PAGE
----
Published on June 12th, 2014 | by Swamp Thing0
Where There’s Muck…
Part 1: The rise and fall (and rise again) of the swamp monsters.
Something happened in the swamps of North America in early 1971. What exactly the ‘something’ was is unclear, but it likely involved toxic waste, bio-restorative formulas, ancient magicks and possibly a touch of plagiarism. Whatever the cause, the effect was a veritable slime-beast population explosion.
Most comic fans with an interest in things muskeg know that in May 1971 Marvel’s Savage Tales #1 introduced us to Man-Thing with an 11 page origin story, and that in July of the same year, DC’s anthology title House of Secrets #92 gave us Swamp Thing in the form of a cover and a standalone one-shot story. Those in the Marvel camp waste no time in pointing out that Man-Thing got there first; DC fans counter by pointing out that the Len Wein and Bernie Wrightson created Swamp Thing is well… better.
What both camps tend to overlook, or simply ignore, is that in March 1971, a full two months before Man-Thing shambled out of the Florida Everglades, Psycho magazine #2 (published by Skywald) had given us cover art and an origin story for The Heap, a shambling bog creature that was all muck and pathos.
Whether or not this sudden overcrowding in the swamps was simply coincidence or something a touch slimier is a question I’ll be coming back to later. First I’m going to muddy the already murky waters by stirring-in Air Fighters Comics #3, published by Hillman Periodicals in December 1942, because it’s there we find the first of the comic book muck men – The Heap. A different Heap. Skywald’s1971 Heap looked similar to his Hillman predecessor, in as much as one vegetation encrusted parody of humanity looks much like any other vegetation encrusted parody of humanity, but they had different origins and different modus operandi. Hillman’s creature was a mindless beast driven by primeval instinct, Skywald’s was an intelligent mind trapped in a monstrous body, his tortured humanity unable to be heard over the noise of all the screaming damsels in various states of distress.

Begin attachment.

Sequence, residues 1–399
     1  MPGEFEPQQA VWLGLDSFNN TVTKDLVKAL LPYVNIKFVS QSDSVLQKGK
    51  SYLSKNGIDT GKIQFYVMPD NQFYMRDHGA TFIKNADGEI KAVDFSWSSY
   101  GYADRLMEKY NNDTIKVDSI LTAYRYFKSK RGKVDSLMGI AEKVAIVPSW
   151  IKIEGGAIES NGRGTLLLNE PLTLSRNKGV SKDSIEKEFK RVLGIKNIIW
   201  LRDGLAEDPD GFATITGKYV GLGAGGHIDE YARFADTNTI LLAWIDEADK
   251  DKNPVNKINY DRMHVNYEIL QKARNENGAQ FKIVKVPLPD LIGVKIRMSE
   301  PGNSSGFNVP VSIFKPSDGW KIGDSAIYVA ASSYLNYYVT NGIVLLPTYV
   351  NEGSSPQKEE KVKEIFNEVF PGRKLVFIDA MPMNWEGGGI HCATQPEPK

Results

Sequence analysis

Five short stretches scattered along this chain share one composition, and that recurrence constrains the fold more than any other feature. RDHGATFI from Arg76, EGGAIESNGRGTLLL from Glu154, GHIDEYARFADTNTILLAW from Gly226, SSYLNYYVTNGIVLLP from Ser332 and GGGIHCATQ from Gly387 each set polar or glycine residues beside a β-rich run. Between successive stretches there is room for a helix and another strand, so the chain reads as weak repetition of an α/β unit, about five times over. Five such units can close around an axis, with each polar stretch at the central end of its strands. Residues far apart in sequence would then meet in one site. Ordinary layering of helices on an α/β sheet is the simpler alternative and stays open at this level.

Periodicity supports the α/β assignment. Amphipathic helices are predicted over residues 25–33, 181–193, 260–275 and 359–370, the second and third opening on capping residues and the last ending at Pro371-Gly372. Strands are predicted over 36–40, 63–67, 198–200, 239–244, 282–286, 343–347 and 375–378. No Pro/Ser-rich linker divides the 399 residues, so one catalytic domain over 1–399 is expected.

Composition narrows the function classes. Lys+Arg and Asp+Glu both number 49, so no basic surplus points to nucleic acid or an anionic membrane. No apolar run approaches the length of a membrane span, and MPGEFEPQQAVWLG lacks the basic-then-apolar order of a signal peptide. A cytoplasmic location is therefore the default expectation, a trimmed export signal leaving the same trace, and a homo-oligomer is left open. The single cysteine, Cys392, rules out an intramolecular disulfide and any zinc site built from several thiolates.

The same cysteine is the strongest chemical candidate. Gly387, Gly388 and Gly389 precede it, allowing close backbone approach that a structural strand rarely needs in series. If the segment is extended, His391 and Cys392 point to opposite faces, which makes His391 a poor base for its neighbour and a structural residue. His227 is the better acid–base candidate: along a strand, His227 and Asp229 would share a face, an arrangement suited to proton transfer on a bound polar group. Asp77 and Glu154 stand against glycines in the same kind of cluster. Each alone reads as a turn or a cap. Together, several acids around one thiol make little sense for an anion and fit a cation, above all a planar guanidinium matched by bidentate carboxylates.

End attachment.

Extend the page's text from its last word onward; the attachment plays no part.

As we’re already in 1942, let’s just pop back two more years to August 1940 and take a look at that month’s edition of Unknown magazine. There we find the first publication of the short story It! by Theodore Sturgeon. It! is the fertile ground to which the roots of all the muck monsters reach back; It! is the ground from which their seeds first germinated. Sturgeon’s story told of a beast that emerged from a swamp; a beast that is ultimately shown to be vegetation that had formed around the skeleton of a man and created new life. For those that have been paying attention that premise should sound familiar.
Sturgeon’s story eventually appeared in comic form in its own right in Marvel’s Supernatural Thrillers #1 in December 1972, reprinted in Masters Of Terror #1 in 1975.
There’s little doubt that Sturgeon’s tale was the inspiration for Hillman’s Heap. The same can also be said of Solomon Grundy, who first appeared in DC’s All American Comics #61 in October 1944. Grundy was the reanimated corpse of a murder victim dumped in a swamp near Gotham City and was initially an adversary for the Golden Age Green Lantern, before becoming a thorn in the side of the Justice Society of America where, in one form or another, he has stubbornly remained ever since. Grundy’s origins mirror those of The Heap and the other swamp creatures, but he gets a mention here for completeness only as his basically human appearance (at least in the beginning) make him more classic zombie than true muck monster.